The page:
But we don’t.

We have our own stories, no?

          Even if we shared that

glory time so long ago, all things

          can gather enough dust

to be covered in the end.

Te acuerdo, te amo, te extraño.

.

Copyright © henry toromoreno, 2011. All rights reserved.

Read Full Post »

There are shows nowadays

          that let us ride along

safely from our homes

          with the kind of people

who cast an imprint on the flat world

          that you and I travel on.

My uncle, the sailor, for example,

          who got a tattoo in the Navy

before they became crackerjack stickers

          or cheap substitutes for personality

was one of those who marked the earth

          with his work and left behind a hurt

now that he’s gone past horizons

          we cannot yet get to;

and we are left at the pier, standing by an edge

          measuring the air with everyone around

until we are met with what we can recall –

which are all the pieces of the world

          he scraped off with his fingertips

and nails to bring home

          and mix with the salt of our meals.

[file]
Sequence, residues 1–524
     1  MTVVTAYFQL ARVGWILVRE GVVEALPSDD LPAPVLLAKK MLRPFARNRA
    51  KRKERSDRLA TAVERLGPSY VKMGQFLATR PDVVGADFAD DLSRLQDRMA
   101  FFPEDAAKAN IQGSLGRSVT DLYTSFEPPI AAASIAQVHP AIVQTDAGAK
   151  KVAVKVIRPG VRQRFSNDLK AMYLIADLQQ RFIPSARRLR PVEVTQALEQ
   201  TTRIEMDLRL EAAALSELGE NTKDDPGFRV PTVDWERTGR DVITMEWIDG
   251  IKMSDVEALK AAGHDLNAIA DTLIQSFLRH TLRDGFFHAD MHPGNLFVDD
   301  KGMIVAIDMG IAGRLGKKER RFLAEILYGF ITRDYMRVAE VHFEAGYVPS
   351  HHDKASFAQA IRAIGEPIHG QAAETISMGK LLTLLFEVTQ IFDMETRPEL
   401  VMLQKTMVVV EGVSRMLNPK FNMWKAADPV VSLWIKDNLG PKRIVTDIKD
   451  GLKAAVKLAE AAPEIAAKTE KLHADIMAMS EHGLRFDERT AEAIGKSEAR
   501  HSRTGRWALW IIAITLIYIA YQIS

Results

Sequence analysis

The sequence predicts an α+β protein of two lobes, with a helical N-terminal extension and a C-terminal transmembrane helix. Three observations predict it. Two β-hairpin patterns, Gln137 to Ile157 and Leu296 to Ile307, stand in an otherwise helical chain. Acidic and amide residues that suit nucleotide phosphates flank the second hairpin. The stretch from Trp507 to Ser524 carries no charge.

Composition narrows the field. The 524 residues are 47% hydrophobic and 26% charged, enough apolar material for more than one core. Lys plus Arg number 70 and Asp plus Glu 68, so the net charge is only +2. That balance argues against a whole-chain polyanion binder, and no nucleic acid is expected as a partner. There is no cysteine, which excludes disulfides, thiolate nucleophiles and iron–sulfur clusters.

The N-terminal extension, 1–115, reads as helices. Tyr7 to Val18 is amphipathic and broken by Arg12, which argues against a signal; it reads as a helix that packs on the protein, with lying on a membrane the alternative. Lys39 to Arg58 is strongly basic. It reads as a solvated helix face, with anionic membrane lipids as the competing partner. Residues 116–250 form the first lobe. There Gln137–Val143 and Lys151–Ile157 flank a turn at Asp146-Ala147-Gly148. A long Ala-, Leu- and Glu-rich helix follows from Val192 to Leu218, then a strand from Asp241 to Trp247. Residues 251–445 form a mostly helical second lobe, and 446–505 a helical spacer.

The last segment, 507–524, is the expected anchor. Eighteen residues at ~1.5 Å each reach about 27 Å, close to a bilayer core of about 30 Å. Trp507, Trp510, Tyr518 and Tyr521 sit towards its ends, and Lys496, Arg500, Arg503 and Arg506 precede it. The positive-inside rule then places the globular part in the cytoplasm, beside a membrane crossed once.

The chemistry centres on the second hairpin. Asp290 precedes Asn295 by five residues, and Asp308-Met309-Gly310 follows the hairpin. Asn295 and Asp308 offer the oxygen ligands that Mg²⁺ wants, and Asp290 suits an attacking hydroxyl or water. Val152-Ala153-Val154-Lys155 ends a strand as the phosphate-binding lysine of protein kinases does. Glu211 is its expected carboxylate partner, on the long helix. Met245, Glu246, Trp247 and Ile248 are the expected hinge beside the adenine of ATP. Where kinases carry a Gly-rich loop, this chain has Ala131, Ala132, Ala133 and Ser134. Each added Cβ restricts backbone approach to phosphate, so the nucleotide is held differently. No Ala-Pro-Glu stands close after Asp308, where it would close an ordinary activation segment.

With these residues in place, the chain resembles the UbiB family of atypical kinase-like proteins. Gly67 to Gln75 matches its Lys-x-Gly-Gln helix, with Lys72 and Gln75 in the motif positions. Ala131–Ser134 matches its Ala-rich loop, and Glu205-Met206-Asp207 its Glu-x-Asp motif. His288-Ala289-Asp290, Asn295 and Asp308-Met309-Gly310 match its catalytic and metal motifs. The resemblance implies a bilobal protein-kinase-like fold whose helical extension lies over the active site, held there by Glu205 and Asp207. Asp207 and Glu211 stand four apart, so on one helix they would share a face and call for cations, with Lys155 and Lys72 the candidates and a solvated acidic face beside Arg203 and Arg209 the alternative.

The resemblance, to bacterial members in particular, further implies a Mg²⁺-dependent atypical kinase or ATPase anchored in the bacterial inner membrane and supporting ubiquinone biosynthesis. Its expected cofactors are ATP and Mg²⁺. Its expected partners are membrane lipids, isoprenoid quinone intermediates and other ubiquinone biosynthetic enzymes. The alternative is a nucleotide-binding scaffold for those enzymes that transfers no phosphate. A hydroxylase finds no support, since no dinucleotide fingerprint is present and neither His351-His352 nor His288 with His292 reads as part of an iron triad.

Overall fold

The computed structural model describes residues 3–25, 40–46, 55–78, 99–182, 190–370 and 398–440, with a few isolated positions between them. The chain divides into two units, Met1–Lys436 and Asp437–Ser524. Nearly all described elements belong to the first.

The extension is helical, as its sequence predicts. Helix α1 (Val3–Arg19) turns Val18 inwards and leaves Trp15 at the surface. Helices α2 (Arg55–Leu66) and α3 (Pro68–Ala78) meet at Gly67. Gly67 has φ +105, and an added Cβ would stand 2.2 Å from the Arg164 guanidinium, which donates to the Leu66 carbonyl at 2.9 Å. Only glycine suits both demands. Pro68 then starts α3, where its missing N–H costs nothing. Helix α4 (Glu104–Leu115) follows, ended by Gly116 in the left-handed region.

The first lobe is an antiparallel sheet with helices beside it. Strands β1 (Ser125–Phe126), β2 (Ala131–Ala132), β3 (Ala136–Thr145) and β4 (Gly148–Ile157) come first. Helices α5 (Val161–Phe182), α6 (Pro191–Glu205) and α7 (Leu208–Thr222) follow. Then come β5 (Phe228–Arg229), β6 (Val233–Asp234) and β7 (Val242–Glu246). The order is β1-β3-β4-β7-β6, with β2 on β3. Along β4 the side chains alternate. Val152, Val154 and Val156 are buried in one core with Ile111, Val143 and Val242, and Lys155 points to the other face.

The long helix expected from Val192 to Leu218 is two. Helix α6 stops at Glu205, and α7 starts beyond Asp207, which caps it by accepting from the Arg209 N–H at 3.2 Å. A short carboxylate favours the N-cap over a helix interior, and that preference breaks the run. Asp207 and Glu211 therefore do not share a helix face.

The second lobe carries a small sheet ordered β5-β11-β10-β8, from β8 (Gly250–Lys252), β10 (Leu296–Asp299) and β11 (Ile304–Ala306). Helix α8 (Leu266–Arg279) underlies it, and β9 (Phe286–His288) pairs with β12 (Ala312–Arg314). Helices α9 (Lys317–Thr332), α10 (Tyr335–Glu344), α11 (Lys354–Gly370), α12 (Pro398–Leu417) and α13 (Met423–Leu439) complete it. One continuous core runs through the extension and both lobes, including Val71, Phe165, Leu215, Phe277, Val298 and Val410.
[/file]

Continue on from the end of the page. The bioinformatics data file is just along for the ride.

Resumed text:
Copyright © henry toromoreno, 2010. All rights reserved.

Read Full Post »

pa’ mi mami

.

The first guests, my godparents,

turn the corner to begin their walk

down the driveway,

.

          (50 feet of uneven pavement

                framed between

                     my parents’ home and

                the Chinese neighbors

                        who’ve thrown away

                            a grocery bag of garbage

                     every week for 20 years)

.

… a ceremonial walkway for the invited

.

the gate left open to let what used to be

          a flood of relatives through …

but we are older

          and have lost a few to the earth

and others to unresolved conflicts

.

               (Even today, on my mother’s 60th

                         a new injury will be born

                when my middle brother

                        fails to celebrate with us)

.

I could see now, clearly what we had become

          as my father greeted his compadre and comadre,

my youngest brother,

                        (a suit wearing executive during the week,

                        in his weekend barrio wear;